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I understand not wanting to use '\0', but all the rest in the extended ASCII range is usable right?

Wouldn't this provide a much better/secure/"less coliding" hash?

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4 Answers 4

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You're starting from false premise -- they produce a result that can (does) include all 8-bit values from 0 to 255. Just for example, one of the test vectors for SHA-256 is an input of "abc". The result from this (in hexadecimal) is:

ba7816bf 8f01cfea 414140de 5dae2223 b00361a3 96177a9c b410ff61 f20015ad

Just within that test, the result includes bytes with values from 0x03 to 0xff.

For display, that may be (often is) rendered in something like hexadecimal. For transmission in email they're often encoded with something like MIME or UUENCODE. The hash itself, however, is not limited in this way.

Transforming the result this way makes no difference to collision resistance -- you still have 160/256/whatever bits of actual data, but the representation is expanded.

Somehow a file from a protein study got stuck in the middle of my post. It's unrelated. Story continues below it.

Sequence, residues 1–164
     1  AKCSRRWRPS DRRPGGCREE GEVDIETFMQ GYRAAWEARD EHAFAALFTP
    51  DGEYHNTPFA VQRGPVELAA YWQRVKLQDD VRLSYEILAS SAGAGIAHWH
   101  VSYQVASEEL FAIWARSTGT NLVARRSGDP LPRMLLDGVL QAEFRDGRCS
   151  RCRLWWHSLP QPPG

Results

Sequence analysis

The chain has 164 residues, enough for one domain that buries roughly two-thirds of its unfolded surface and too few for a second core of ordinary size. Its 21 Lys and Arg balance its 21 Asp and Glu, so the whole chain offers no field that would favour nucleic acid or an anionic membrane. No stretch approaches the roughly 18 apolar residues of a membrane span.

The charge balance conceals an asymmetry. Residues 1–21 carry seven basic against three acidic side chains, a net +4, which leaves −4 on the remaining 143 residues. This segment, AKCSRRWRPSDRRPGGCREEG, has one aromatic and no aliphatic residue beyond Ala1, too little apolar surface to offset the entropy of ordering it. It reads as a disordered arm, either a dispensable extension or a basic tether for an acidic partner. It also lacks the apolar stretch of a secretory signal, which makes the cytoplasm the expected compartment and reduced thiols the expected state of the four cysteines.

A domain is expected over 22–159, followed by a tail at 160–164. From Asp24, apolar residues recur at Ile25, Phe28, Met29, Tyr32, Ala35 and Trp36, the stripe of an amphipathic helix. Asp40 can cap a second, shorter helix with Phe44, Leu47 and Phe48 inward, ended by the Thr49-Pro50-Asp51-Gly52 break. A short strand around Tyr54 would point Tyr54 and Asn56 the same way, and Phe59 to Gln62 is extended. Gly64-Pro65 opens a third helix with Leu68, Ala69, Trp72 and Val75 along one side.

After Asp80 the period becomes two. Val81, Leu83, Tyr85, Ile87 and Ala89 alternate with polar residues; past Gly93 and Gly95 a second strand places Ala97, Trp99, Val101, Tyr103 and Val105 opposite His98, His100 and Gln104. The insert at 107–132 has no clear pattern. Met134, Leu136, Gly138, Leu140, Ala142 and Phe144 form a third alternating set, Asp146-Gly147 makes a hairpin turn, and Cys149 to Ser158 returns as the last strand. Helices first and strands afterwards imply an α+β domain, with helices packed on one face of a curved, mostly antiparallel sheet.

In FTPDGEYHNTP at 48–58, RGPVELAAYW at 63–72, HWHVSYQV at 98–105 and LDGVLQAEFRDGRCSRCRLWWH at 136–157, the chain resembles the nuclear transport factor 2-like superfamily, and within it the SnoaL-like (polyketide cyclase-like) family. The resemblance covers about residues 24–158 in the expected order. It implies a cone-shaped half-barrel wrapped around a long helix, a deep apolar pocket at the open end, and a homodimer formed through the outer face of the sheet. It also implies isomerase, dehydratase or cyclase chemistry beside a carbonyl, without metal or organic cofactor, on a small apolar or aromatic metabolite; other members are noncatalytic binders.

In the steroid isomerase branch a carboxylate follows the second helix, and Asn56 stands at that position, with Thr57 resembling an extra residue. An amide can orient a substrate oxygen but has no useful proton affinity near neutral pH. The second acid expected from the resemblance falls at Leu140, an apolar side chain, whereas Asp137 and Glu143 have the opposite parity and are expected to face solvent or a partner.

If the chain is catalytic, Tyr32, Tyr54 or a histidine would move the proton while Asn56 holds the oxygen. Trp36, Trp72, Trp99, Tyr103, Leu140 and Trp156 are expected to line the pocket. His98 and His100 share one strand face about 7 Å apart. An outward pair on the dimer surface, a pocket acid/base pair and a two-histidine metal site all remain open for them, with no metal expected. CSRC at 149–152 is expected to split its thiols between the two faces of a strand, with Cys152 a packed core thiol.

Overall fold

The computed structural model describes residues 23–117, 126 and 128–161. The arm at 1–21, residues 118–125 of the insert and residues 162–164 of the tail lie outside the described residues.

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The result is just hexadecimal encoded to be better readable.

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In fact, those hash algorithms are outputting numbers, not strings. They use only letters a-f in combination with numbers 0-9, which makes the output a hexadecimal number.

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MD5 produces an 128 bit hash. (16 byte) sha, depending of whether is sha1 or sha256 produces either 160 bit (20 byte) or 256 bit (32 byte) hash. Note that I'm talking about binary length/strength. The longer the less likely a collision occurs.

The fact that most users stick it into a DB field or whatnot makes it convenient to convert it to ASCII using varions binary-ascii conversion algos. This should not influence the strength of collision probability at all since you'll end up with a larger ASCII string.

FWIW I've been using SHA1, SHA256 in crypto products in binary form for over 5 years and I'd recommend choosing hashes in this following order, from the strongest to the weakest: SHA256, SHA1, MD5. There is a website that can "reverse" MD5 so I'd strongly suggest against it.

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In light of other answers, if it's a hex-encoding you'd end up with MD5 -> 32chars, SHA1 -> 40chars, SHA256 -> 64chars. Strength is the same as binary in this case. –  Cristian Niculescu Jun 11 '12 at 14:15
    
What about SHA512 ;-)? –  rubenvb Jun 11 '12 at 14:26

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